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Description The present application claims priority to U.S. Provisional Patent Application Ser. No. 60/538,842 filed Jan. 23, 2004, and claims priority to U.S. Provisional Patent Application Ser. No. 60/575,255 filed May 28, 2004, and claims priority to U.S. Provisional Patent Application Ser. No. 60/613,962 filed Sep. 28, 2004. The present invention generally relates to limited rotation motor systems, and relates in particular to systems and methods for designing and adjusting limited rotation motor systems. Limited rotation motors generally include stepper motors and constant velocity motors. Certain stepper motors are well suited for applications requiring high speed and high duty cycle sawtooth scanning at large scan angles. For example, U.S. Pat. No. 6,275,319 discloses an optical scanning device for raster scanning applications. Limited rotation motors for certain applications, however, require the rotor to move between two positions with a precise and constant velocity rather than by stepping and settling in a sawtooth fashion. Such applications require that the time needed to reach the constant velocity be as short as possible and that the amount of error in the achieved velocity be as small as possible. Constant velocity motors generally provide a higher torque constant and typically include a rotor and drive circuitry for causing the rotor to rotate about a central axis, as well as a position transducer, e.g., a tachometer or a position sensor, and a feedback circuit coupled to the transducer that permits the rotor to be driven by the drive circuitry responsive to an input signal and a feedback signal. For example, U.S. Pat. No. 5,424,632 discloses a conventional two-pole limited rotation motor. A requirement of a desired limited rotation motor for certain applications is a system that is capable of changing the angular position of a load such as a mirror from angle A to angle B, with angles A and B both within the range of angular motion of the scanner, and both defined arbitrarily precisely, in an arbitrarily short time while maintaining a desired linearity of velocity within an arbitrarily small error. Both the minimum time of response of this system and the minimum velocity error are dominated by the effective bandwidth of the system. The effective bandwidth of the system, however, is governed by many factors, including the open loop gain of the system. A limited rotation torque motor may be modeled or represented by a double-integrator model plus several flexible modes and low frequency non-linear effects. A typical closed-loop servo system for a galvanometer includes integral actions for low frequency uncertainties and a notch filter for high frequency resonant modes. System operation is chosen at the mid-frequency range where the system is well modeled by the rigid body. For a double integrator rigid body model, there is a direct relationship between the open-loop gain and the cross-over frequency on the frequency response plot. For example, an automatic tuning system for a servowriter head positioning system is disclosed in In the limited rotation motor actuator, the open-loop gain is determined by the torque constant of the motor, the inertia of the mirror and rotor structure, and the gain characteristics of the power amplifier. The torque constant may change with the operation temperature. For example, the magnetic material used in the motor may have temperature coefficients of between about 0.1% C and 1% C. With a temperature change of 20 C, the resulting change in torque constant may be non-negligible. The torque constant also changes with the angle of operations. There are other factors that may affect the torque constant as well as the imperfect coil winding, which causes changes in the field density (see for example, U.S. Pat. No. 5,225,770). The change of head from one size to another size may also cause significant changes in total inertia, and consequently the open-loop gain. Adaptive filter adjustment of open-loop gain variations due to change in mirrors is more desirable when human intervention is not required at initial set up. Other factors that may contribute to open-loop gain variations are temperature dependence of the power amplifier and changes in power amplifier circuits due to aging. Such limited rotation motors may be used, for example, in a variety of laser scanning applications, such as high speed surface metrology. Further laser processing applications include laser welding (for example high speed spot welding), surface treatment, cutting, drilling, marking, trimming, laser repair, rapid prototyping, forming microstructures, or forming dense arrays of nanostructures on various materials. The processing speeds of such systems are typically limited by one of more of mirror speed, X-Y stage speed, material interaction and material thermal time constants, the layout of target material and regions to be processed, and software performance. Generally, in applications where one or more of mirror speed, position accuracy, and settling time are factors that limit performance, any significant improvement in scanning system open loop gain may translate into immediate throughput improvements. There is a need, therefore, for an improved limited rotation motor system, and more particularly, there is a need for a rotor for a limited rotation motor system that provides maximum performance. In accordance with an embodiment, the invention provides an adjustment system for adjusting a proportional, integral, derivative controller in a limited rotation motor system. The adjustment system includes a first transform unit, a second transform unit, a model identification unit, and a PID adjustment unit. The first transform unit is for receiving a first digital signal that is representative of a motor control signal, and is for providing a first frequency domain sequence that is representative of a frequency domain representation of the motor control signal. The second transform unit is for receiving a second digital signal that is representative of a position detection signal, and is for providing a second frequency domain sequence that is representative of a frequency domain representation of the position detection signal. The model identification unit is for identifying a representation of a ratio of the first and second frequency domain sequences. The PID adjustment unit is for identifying appropriate values for the coefficient k The following description may be further understood with reference to the accompanying drawings in which: The drawings are shown for illustrative purposes only. In accordance with various embodiments of the invention, limited rotation motor performance data is captured from a motor system. A pseudo random binary signal is input to the system. The signal that is input to the motor (the motor input signal) is recorded, and the position signal that is received from the position detector (the PD signal) is also recorded. A Fast Fourier Transform (FFT) is performed on each signal, and a frequency response representation for the PD signal is compared to the frequency response representation for the motor input signal by taking the ratio of these two representations. The ratio provides a sequence (the ratio sequence) that represents the open loop frequency response for the system. The open loop frequency response may be provided in a Bode plot of the magnitude versus frequency. A mathematical system model may then be generated that represents the transfer function of the motor system. Knowing the mathematical model for a motor system permits the system to be designed to provide optimal output, e.g., by adjusting the PID coefficients to achieve optimal performance, or by designing a controller that best complements the motor system transfer function to achieve optimal performance. The system provides that the identification of the open loop cross over frequency variations in the motor system may be identified automatically (even via a remote digital network) as a result of changes in mirror inertia, operating temperature and operation angle. The automatic identification may be performed closed-loop so that system stability is not affected during the procedure. A data collection procedure may be performed in milliseconds. An automatic identification system in accordance with an embodiment of the invention may involve system excitation using a pseudo random binary sequence (PRBS), then conducting a Fast Fourier Transform (FFT) on the captured time responses. The system identification is then modeled using the FFT data. In particular, a pseudo random binary sequence is input to the system either as the input command As shown in Having determined the open loop frequency responses, the system may then identify a model for the system (using identification unit The system model may be identified in a variety of ways, including for example, frequency matching using stored information regarding a plurality of frequency curves for known systems. For example,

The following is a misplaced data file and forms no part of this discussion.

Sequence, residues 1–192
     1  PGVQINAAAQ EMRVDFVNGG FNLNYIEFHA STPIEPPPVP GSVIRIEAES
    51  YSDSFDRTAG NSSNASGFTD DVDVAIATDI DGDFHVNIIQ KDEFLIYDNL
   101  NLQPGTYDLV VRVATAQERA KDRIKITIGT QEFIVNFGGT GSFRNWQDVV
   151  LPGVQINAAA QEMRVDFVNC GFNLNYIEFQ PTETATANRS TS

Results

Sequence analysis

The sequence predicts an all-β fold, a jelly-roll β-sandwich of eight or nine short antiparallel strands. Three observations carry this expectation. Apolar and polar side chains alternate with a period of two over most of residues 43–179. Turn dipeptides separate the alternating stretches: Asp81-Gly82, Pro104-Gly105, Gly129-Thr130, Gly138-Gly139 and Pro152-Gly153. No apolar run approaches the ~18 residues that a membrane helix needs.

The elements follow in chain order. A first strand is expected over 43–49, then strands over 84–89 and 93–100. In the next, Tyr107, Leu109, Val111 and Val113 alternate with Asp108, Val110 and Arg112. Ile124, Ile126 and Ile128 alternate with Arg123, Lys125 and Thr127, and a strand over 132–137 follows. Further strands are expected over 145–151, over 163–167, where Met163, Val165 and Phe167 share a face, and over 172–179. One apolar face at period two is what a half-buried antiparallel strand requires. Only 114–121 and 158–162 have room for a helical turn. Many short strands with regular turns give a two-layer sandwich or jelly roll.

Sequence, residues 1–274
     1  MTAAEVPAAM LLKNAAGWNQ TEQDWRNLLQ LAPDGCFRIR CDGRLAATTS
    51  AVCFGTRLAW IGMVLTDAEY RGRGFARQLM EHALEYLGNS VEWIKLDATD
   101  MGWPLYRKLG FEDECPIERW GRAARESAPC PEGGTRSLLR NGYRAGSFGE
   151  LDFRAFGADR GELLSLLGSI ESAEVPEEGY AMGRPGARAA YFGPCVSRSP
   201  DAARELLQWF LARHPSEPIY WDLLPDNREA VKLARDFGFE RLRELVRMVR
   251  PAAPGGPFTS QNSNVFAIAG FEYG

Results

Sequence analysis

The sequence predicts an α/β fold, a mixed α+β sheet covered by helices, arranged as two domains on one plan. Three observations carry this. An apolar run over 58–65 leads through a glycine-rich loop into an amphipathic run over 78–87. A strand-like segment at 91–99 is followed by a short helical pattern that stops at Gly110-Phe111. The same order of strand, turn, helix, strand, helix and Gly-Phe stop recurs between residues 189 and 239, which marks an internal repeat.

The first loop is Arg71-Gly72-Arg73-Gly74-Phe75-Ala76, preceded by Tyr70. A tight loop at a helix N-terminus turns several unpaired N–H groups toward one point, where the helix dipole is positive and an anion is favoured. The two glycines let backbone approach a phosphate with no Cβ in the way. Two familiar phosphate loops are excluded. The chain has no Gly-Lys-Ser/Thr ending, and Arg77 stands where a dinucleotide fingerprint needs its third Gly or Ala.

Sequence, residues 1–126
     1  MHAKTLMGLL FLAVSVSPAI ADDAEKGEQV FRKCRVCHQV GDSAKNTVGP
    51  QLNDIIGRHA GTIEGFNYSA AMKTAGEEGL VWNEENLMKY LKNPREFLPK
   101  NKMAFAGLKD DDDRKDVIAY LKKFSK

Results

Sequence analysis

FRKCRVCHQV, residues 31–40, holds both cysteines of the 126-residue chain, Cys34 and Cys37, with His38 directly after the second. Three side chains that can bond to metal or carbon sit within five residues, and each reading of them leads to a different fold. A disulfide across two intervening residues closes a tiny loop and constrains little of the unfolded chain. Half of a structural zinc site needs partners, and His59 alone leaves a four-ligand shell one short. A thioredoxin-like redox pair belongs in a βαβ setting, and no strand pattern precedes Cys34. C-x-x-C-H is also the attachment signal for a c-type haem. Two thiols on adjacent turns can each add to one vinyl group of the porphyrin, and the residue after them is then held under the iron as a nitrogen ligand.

Using a best fit analysis, the closest matching frequency curve (from 100) may be chosen, and the controller P, I and D values may be adjusted accordingly. For example,